The “Hades” chapter of Joyce’s Ulysses repurposes the theme of travel that is central to The Odyssey. Bloom and Daedalus’ trip to the cemetery recalls both Odysseus’ trip to the underworld accompanied by his crew and the suitors’ procession to the underworld led by Hermes. When Odysseus visits the underworld, he is sent under Circe’s orders to head the expedition (Homer 10.540-545.) Bloom and Daedalus are led to the cemetery by an unseen carriage driver. The missing driver in Joyce’s adaptation of homer’s scene is much like Circe’s promise to Odysseus that he will be piloted to the underworld by the north wind. Circe says, “[L]et no lack of a pilot at the helm concern you, no […] the North Wind will speed you on your way” (Homer 10.555, 557.) Although Odysseus must take it on faith that he will make it to the underworld without the aid of an experienced pilot, he is given the assurance from no less than a Goddess that he will reach his destination. When the suitors travel to the underworld in the last chapter of The Odyssey, they are led by Hermes, another of the pantheon of Gods (Homer 24.1-15.)  In the world of The Odyssey, even those who have gravely offended the Gods and have suffered their wrath are led by holy guidance, but Bloom and Daedalus are not given the same supernatural attention. While it can be assumed that Bloom and Daedalus have seen that they have a pilot for their carriage, the reader is given no assurance that there is anyone directing their trip. Therefore, Bloom and Daedalus’ world is shown to be much more tenuous than Odysseus’ world. Bloom and Daedalus must rely on a society directed by humans alone, a society where the existence of a guiding power can only be guessed at.

 

 

 

 

 

Homer. Odyssey. Translated by Robert Fagles, Viking Penguin, 1997.

Joyce, James. UlyssesThe Joyce Project : Ulysses : Pigeonhouse, 1922. m.joyceproject.com/chapters/hades.html.

The Lotus Eaters of Blood and Flesh

19 Feb 2019

 

In the “Lotus Eaters” chapter of Joyce’s Ulysses, the setting of the church adapts the scene from The Odyssey where Odysseus returns to his house disguised as a beggar. Like Odysseus’ dining hall, Joyce’s church room is a place where people gather from the larger community to listen to music, eat food and drink wine (in the form of communion), and perform religious rituals. In The Odyssey Odysseus’ loyal servants serve bread and wine. The narrator says, “Philoetius, trusty herdsman, brought on loaves of bread […]; Melanthius poured the wine” (Homer 20.281-283.) In Joyce’s Ulysses, the bread and wine is served by the priest. Bloom narrates through his inner dialogue. He says, “The priest went along by them, murmuring, holding the thing in his hands. He stopped at each, took out a communion, shook a drop or two (are they in water?) off it and put it neatly into her mouth” (Joyce 1922.) Like Odysseus’ servants, the priest is a servant to his congregation; however, the priest is also a symbol of religious authority. Therefore, Joyce flips the balance of power within his adaptation of the scene.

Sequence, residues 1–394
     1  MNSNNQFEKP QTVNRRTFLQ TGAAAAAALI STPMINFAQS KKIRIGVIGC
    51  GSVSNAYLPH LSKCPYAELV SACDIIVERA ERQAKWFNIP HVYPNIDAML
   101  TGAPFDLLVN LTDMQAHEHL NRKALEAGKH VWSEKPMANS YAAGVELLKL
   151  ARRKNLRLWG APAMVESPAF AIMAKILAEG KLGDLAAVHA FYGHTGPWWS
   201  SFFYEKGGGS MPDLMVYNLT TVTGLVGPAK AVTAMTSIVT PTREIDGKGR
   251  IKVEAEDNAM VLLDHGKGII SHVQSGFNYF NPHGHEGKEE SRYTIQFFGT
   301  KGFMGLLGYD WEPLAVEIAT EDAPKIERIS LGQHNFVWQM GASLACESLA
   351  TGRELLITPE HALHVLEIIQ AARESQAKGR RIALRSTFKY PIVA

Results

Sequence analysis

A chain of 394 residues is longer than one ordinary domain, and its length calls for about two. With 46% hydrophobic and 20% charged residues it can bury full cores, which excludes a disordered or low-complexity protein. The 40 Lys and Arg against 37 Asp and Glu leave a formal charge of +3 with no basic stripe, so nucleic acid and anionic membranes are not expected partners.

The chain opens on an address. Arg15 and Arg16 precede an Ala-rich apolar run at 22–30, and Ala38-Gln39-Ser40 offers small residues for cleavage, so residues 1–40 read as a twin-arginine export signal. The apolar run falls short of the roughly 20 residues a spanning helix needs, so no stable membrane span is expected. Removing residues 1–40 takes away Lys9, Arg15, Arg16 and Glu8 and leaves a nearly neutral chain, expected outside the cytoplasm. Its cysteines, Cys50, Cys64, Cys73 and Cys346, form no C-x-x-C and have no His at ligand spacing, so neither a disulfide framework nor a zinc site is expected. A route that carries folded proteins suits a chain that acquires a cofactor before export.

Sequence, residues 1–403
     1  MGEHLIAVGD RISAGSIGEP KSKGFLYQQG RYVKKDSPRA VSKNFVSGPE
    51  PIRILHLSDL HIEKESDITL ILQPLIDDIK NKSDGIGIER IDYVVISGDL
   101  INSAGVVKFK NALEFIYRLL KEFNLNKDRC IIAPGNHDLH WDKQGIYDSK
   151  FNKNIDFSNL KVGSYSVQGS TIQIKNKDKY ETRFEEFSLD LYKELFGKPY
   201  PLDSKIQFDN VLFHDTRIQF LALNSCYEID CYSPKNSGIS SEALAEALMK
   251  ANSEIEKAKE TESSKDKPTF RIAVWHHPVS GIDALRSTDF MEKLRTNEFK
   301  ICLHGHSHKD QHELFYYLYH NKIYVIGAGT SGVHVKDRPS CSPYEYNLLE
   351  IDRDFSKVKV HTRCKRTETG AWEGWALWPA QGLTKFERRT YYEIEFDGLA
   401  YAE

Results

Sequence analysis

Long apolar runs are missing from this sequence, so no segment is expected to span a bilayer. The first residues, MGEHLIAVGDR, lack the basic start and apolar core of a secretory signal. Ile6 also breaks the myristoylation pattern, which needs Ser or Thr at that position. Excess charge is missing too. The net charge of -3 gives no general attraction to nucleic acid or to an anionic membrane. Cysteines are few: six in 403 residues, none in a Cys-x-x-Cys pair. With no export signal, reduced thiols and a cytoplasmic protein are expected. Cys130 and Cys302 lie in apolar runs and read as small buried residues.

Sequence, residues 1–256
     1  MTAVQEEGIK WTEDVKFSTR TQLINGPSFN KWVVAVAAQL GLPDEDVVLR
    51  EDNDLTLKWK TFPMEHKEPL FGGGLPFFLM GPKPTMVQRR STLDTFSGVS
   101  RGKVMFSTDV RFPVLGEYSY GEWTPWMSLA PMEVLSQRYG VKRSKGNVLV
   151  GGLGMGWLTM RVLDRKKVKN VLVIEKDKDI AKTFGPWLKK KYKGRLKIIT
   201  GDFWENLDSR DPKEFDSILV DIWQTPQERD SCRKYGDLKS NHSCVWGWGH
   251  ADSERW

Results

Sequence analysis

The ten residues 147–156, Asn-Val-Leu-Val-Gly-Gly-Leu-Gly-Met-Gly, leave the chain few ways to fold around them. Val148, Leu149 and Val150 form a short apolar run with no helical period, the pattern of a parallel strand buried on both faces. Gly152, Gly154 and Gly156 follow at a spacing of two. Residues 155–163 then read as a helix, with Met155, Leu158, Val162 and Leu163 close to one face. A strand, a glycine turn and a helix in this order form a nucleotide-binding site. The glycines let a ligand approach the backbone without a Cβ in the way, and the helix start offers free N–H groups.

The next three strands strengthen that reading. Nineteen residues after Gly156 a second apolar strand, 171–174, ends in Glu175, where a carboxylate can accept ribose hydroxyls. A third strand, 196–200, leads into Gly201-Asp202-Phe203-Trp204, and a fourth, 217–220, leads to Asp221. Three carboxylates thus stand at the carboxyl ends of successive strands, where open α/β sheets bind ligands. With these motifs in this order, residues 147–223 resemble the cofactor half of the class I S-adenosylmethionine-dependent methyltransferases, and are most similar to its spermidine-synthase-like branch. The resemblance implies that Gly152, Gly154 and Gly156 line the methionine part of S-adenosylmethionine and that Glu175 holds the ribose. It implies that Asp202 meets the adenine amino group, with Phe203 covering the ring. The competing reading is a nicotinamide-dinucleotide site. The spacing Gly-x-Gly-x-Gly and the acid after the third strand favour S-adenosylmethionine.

In The Odyssey, Odysseus must endure the indignity of the suitors taking advantage of his hospitality while they profane his halls with thoughts of criminal acts. Odysseus, as king of Ithaca, is granted a rare view into the petty plottings of his inferiors through his disguise as a beggar. In this scene, Odysseus is shown in contrast to the room full of petty suitors. He is a king temporarily removed from his power to be taught how to act by viewing the bad actions of the suitors and the good actions of his loyal servants. Yet in Joyce’s Ulysses, Bloom sits surrounded by women who likely are fully invested in the ritual of the mas while he profanes the mas by thinking inappropriate thoughts. When Bloom enters the church he thinks, “Nice discreet place to be next some girl. […] Jammed by the hour to slow music. That woman at midnight mass. Seventh heaven” (Joyce 1922.) Bloom is contrasted against these women, not as a king temporarily brought low to learn from the good and bad acts of his inferiors, but as a man of middling authority and questionable morals.